A Labor Department analyst said that seasonal factors predicted a large rise in claims.
Unadjusted claims did increase but far less than expected. The distortions due to seasonal factors are likely to be smoothed over the next few weeks.
The state of California, known to report wide swings in its claims data, is being cited as primarily responsible for the sharp drop in the seasonally adjusted number.
The director of the California Employment Development Department, Pam Harris, said all of California’s unemployment insurance claims data had been submitted on time. She said the state was not to blame.
The surprisingly good report was dampened by an increase in the US deficit to $44.2 billion.
Exports of US goods fell for the fifth consecutive month.
Initial claims for state unemployment benefits fell to the lowest level since February of 2008, about a year before the current administration took office.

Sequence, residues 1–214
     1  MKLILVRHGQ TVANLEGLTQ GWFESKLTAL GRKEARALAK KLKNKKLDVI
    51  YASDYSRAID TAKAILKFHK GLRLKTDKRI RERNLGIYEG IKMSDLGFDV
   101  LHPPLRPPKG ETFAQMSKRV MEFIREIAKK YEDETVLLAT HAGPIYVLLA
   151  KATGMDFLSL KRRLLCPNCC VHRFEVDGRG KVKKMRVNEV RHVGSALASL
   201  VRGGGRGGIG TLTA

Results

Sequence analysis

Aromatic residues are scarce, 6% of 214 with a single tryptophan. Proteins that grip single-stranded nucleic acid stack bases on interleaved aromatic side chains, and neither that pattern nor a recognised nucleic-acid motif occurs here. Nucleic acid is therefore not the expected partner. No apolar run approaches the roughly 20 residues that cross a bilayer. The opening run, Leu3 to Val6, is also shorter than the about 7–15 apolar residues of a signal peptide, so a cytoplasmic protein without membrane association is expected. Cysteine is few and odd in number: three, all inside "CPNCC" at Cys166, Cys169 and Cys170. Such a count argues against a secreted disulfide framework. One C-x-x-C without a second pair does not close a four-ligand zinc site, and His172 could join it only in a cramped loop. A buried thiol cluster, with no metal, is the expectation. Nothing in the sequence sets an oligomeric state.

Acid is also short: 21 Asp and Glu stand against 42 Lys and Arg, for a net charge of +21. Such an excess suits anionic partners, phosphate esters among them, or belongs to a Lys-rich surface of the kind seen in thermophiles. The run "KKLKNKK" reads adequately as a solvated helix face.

The Labor Department firmly denied any tampering with the unemployment numbers to favor the current administration just before the election.
The Fed also dismissed charges by Jack Welch, former CEO of General Electric, that the unexpected decline in the unemployment rate had been manipulated.
But Europe’s continued sovereign debt issues are putting a drag on exports. Overall, US exports dropped 1% and imports fell .1%, signaling less foreign demand for US goods.
Net exports are expected to subtract as much as half a percentage point from US gross domestic product (GDP).

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